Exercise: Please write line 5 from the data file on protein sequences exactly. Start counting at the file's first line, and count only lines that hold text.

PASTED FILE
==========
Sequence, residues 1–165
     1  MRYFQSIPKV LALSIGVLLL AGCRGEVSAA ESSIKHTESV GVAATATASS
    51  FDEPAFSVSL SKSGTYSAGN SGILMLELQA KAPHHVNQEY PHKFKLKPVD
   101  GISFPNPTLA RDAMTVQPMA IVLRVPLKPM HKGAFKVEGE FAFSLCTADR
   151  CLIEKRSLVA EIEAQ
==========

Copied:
   151  CLIEKRSLVA EIEAQ